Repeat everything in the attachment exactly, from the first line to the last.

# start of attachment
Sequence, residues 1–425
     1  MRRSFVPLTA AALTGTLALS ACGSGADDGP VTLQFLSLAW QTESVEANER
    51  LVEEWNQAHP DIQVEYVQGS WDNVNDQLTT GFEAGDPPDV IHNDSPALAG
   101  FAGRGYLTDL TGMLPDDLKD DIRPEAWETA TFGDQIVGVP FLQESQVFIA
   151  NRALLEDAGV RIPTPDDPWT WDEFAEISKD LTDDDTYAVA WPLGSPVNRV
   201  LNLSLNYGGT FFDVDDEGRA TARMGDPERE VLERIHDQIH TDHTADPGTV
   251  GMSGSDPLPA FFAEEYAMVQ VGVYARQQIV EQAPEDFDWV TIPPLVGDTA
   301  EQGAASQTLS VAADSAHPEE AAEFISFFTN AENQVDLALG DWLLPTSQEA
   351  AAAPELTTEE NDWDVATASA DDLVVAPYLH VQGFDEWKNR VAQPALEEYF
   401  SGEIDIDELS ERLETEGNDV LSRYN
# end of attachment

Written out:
Sequence, residues 1–425
     1  MRRSFVPLTA AALTGTLALS ACGSGADDGP VTLQFLSLAW QTESVEANER
    51  LVEEWNQAHP DIQVEYVQGS WDNVNDQLTT GFEAGDPPDV IHNDSPALAG
   101  FAGRGYLTDL TGMLPDDLKD DIRPEAWETA TFGDQIVGVP FLQESQVFIA
   151  NRALLEDAGV RIPTPDDPWT WDEFAEISKD LTDDDTYAVA WPLGSPVNRV
   201  LNLSLNYGGT FFDVDDEGRA TARMGDPERE VLERIHDQIH TDHTADPGTV
   251  GMSGSDPLPA FFAEEYAMVQ VGVYARQQIV EQAPEDFDWV TIPPLVGDTA
   301  EQGAASQTLS VAADSAHPEE AAEFISFFTN AENQVDLALG DWLLPTSQEA
   351  AAAPELTTEE NDWDVATASA DDLVVAPYLH VQGFDEWKNR VAQPALEEYF
   401  SGEIDIDELS ERLETEGNDV LSRYN